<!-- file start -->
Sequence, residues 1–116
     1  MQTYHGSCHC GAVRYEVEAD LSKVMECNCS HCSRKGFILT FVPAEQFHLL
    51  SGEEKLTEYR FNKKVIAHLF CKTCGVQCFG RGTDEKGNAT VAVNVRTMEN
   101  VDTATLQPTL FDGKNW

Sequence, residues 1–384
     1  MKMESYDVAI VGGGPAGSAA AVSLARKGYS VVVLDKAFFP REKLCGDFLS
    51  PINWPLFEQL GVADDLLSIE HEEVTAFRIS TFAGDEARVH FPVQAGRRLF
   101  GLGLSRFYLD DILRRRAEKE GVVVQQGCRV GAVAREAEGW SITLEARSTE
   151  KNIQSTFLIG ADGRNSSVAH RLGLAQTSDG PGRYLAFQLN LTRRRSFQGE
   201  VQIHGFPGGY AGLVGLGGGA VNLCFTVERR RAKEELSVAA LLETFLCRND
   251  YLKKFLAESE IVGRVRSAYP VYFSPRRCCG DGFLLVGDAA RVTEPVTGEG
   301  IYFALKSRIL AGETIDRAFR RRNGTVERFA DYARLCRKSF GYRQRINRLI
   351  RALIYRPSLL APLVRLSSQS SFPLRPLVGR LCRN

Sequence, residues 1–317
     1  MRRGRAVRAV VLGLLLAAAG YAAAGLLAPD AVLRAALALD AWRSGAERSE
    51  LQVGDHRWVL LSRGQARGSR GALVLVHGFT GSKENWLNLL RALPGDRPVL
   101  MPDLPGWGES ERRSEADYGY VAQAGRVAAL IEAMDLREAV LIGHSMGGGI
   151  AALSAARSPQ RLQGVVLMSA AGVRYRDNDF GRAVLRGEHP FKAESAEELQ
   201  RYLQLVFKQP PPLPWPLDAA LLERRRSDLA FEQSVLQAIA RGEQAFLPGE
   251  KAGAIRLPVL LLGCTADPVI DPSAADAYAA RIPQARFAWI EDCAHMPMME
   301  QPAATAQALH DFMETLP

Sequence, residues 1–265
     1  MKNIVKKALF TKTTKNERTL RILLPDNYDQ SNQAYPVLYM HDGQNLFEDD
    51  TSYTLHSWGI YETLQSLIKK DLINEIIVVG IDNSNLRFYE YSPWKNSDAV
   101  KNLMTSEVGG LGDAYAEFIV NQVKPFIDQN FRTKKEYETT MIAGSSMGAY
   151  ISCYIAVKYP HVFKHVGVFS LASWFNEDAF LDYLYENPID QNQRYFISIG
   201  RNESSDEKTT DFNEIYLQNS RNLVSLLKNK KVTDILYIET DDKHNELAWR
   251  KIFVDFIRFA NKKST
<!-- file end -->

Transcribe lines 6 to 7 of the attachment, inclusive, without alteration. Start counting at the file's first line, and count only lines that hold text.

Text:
     1  MKMESYDVAI VGGGPAGSAA AVSLARKGYS VVVLDKAFFP REKLCGDFLS
    51  PINWPLFEQL GVADDLLSIE HEEVTAFRIS TFAGDEARVH FPVQAGRRLF